• I tended to be a rebel in games where it looks like there are multiple paths, but there are only one. because more often I either subconsciously or intentionally go the other way. or in games where you have to hurry to get away from something, and there are obvious ways forward, I look for all the secrets and find the empty hallways. and even in games where the point isn't to explore, if the illusion of a large world is there I am going to try and explore. sure sometimes I end up going the "right way" the 1st time, but that's usually an accident and something I try to avoid. I also tend to get upset when I do that, because now I figure I've missed stuff. even if I go back now, what ever I missed might not be there anymore.

  • I'm not looking for games to present me with every possible choice or consequence. I just want my actions within the confines of the game to actually matter. Who I make friends with, who I antagonize, who I kill or who I spare, all of these things should matter and affect the outcome of the game. If all roads lead to one, then none of it matters and putting the "illusion of choice" in the game is arbitrary and ultimately pointless window dressing to obfuscate the fact the game has little to offer beyond those pretend choices.

  • Fallout 4 for the worst example of illusion of choice. holy crap feels like no choice, is no choice, and the lines your are given hammer home how badly they lie about you having choice.

  • This reminds me of the ending of subsurface circular, I won't spoil it, but I sat there for a good half hour debating the choice, and still felt satisfied with my decision after making it, even though it actually barely changed the ending at all.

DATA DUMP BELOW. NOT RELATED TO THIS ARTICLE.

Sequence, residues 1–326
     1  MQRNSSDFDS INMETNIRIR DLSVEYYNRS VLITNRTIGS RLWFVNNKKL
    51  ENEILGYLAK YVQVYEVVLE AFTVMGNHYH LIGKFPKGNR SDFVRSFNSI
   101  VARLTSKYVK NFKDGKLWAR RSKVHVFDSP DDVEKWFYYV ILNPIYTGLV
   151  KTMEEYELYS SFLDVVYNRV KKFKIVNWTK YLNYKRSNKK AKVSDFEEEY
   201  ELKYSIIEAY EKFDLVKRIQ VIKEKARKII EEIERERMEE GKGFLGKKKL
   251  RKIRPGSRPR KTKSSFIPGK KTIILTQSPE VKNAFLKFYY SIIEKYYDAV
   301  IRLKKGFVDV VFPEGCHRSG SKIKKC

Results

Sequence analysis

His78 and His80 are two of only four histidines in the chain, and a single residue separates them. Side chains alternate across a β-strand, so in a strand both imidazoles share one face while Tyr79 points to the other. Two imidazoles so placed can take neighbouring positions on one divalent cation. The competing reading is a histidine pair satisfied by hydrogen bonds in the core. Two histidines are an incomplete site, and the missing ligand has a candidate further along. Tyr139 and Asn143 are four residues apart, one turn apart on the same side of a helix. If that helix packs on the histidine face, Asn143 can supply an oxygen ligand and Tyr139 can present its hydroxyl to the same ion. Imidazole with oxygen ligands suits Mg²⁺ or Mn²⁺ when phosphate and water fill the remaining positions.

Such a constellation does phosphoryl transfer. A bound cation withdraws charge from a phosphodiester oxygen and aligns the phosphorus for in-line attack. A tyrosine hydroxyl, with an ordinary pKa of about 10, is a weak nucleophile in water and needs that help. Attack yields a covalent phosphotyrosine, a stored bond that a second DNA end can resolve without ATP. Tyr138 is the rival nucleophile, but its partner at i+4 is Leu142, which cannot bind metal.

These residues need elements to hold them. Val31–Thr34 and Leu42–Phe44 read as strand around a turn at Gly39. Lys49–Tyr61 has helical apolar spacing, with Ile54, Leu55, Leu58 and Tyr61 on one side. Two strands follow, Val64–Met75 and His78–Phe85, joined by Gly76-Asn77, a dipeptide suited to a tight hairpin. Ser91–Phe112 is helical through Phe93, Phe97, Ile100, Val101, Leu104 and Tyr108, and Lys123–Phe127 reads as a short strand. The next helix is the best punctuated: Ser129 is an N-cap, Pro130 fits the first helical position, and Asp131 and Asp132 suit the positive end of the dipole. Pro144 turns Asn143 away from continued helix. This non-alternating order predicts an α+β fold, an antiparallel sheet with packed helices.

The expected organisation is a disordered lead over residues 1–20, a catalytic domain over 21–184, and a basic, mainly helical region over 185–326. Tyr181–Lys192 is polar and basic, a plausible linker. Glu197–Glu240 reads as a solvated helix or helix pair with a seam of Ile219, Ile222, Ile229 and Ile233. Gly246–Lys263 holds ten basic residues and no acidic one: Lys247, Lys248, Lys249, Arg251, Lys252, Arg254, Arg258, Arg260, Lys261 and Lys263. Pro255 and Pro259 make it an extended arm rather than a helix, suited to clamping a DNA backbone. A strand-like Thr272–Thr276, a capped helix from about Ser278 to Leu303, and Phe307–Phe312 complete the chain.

• Illusion of choice: Wolfenstein's 2 timelines. I was excited to replay and choose Wyatt once I finished the game on the Fergus timeline, but then I did…

  • 5:09 this never works on me, for some reason when I see something that I want to go to, my brain always thinks: "If I go there I will progress, so I shouldn't go there until I have explored everything."

  • "The most common implementation is the tactic of creating short branches off the central narrative that eventually re converge on that central narrative later."

    And Shadow the Hedgehog does this the WORST. During the first stage in Westopolis, you have three different branches of choice. You can either head for the Chaos Emerald and go the neutral path (that's Glyphic Canyon), kill all the humans and go to the next dark stage (that's Digital Circuit), or kill the aliens and go to the next hero stage (Lethal Highway).

    But see, it's not static. You can start off neutral and side with the good or bad guys later, and get pushed toward different stages and endings, etc and vice versa.

    But it's kinda a mess. Let me give you an example. In many areas, no matter who you help or how you zig-zag, none of the other characters will ever acknowledge this in cutscenes or dialogue or even in the end game.

    If you make it to Lethal Highway after siding with Sonic in Westopolis, you can actually still side with Doom to escape the city in Lethal Highway yet the cutscene and boss battle you get with one of his minions, Black Bull, remains exactly the same. In fact, you'll still be tagged up with Sonic regardless with whether you actually sided with him in-game or not.

    That's because it's scripted to the point of laziness. There are many ways … to get to the exact same spot and linear branching ending (10 in total) and there's little nuance to your smaller choices.